The major Asia Pacific stock indexes settled mixed on Friday with mainland Asia shares lower, and the islands – Japan and Australia higher. The move reflects the spreading of the ongoing coronavirus outbreak, which is centralized in China, on investor sentiment. The price action suggests investors shrugged off the strong performances on Wall Street.
On Friday, Japan’s Nikkei 225 Index settled at 23205.18, up 227.43 or +0.99% and South Korea’s KOSPI Index finished at 2119.01, down 28.99 or 1.35%. At 08:11 GMT, Hong Kong’s Hang Seng Index is trading at 26335.06, down 114.07 or -0.43%.
Australia’s S&P/ASX 200 Index settled at 7017.20, up 8.80 or +0.13%. The stock market in China is closed until February 3.
All Asian markets were headed for weekly losses as the virus continued to dampen risk appetite in the region.
Asian stock markets extended losses on Friday after the World Health Organization (WHO) declared the coronavirus outbreak a global emergency.
On Thursday, the WHO director-general said the greatest concern was the virus’ potential spread to countries with weaker healthcare systems, compounded by cases of person-to-person transfer of the virus outside China.
Meanwhile, economists have signaled the impact of the new virus could be worse than that of the Severe Respiratory Syndrome (SARS) epidemic in 2002-2003, which took 800 lives and cost the global economy and estimated $33 billion.
The death toll from the virus crossed the 200-mark in China with confirmed cases of infection reported in at least 22 other countries and regions.
China Manufacturing Activity in Line with Expectations
Growth in China’s factory activity faltered in January, an official survey showed, as export orders fell and an outbreak of a new virus added to risks facing the world’s second-largest economy, Reuters reported.
The Purchasing Managers’ Index (PMI) fell to 50.0 in January from 50.2 in December, China’s National Bureau of Statistics (NBS) said on Friday. The reading was in line with analysts’ forecasts and hit the neutral 50-point mark that separates growth from contraction on a monthly basis.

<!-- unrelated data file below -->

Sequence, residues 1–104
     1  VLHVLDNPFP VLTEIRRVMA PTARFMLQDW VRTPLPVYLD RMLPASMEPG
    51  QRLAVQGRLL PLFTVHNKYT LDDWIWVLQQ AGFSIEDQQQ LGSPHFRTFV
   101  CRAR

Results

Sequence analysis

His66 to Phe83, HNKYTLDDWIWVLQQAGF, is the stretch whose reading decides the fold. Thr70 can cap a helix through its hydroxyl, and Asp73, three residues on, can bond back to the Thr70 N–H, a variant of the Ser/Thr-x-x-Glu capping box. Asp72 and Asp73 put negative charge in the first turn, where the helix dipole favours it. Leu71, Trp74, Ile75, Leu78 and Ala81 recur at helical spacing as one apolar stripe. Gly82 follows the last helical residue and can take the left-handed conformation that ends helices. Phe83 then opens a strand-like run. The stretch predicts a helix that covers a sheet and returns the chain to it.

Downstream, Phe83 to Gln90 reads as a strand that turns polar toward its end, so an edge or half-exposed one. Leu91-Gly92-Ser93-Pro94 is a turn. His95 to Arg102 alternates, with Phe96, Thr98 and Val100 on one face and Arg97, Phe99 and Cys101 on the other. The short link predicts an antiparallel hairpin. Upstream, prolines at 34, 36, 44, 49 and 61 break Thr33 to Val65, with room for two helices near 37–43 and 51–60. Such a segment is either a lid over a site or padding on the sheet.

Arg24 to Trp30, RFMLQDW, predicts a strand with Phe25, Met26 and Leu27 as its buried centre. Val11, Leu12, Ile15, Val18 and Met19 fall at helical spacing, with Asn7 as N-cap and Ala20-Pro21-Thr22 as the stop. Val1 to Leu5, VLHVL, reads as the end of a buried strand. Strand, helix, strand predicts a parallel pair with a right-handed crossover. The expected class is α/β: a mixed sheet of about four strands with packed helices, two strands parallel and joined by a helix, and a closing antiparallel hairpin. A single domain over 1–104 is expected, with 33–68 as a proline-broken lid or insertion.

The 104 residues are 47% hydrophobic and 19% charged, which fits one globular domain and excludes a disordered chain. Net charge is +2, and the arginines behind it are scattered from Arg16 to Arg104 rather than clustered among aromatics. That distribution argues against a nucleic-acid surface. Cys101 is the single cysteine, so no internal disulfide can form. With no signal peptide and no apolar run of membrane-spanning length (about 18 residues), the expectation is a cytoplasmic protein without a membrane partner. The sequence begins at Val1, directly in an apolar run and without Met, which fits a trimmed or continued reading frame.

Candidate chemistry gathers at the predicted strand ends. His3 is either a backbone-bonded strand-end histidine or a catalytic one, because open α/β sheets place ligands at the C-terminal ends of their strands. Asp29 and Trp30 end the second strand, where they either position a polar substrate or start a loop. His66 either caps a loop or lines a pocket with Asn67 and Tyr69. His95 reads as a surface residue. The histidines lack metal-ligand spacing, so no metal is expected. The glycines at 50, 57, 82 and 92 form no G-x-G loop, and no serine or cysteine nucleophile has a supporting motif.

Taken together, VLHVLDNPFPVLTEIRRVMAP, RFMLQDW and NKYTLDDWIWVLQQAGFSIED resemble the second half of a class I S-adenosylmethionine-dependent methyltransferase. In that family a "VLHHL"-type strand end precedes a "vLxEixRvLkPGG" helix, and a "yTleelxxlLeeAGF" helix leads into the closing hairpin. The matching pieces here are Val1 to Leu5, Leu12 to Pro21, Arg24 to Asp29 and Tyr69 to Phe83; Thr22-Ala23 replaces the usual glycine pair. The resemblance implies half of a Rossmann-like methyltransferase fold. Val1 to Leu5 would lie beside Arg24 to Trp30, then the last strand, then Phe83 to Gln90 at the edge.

While the PMI showed activity in some parts of the sector holding up, economists are doubtful the survey provides a meaningful read on the economy given recent developments with the coronavirus and distortions from the Lunar New Year break.
“I would disregard today’s release,” said Raymond Yeung, Chief Economist for Greater China at ANZ, in an email to Reuters.
“The figure certainly overrates the economic outlook as it does not reflect the interruption due to the outbreak,” he said.
Japan’s Fourth-Quarter Factory Output Falls at Fastest Pace on Record
Japan’s factory output fell at the fastest pace on record in October-December amid sluggish demand at home and abroad, reinforcing views the economy likely contracted in the fourth quarter.
Factory output fell 4.0% in Q4, the fastest pace of decline since comparable data began in 2013, data from the Ministry of Economy, Trade and Industry showed on Friday.
Separate data showed retail sales fell for a third straight month in December, adding to worries about consumer spending after a sales tax increase in October.
Retail Sales – a key gauge of private consumption – fell 2.6% in December from a year earlier, down for a third straight month and compared with a 1.8% decline expected by economists.
This article was originally posted on FX Empire
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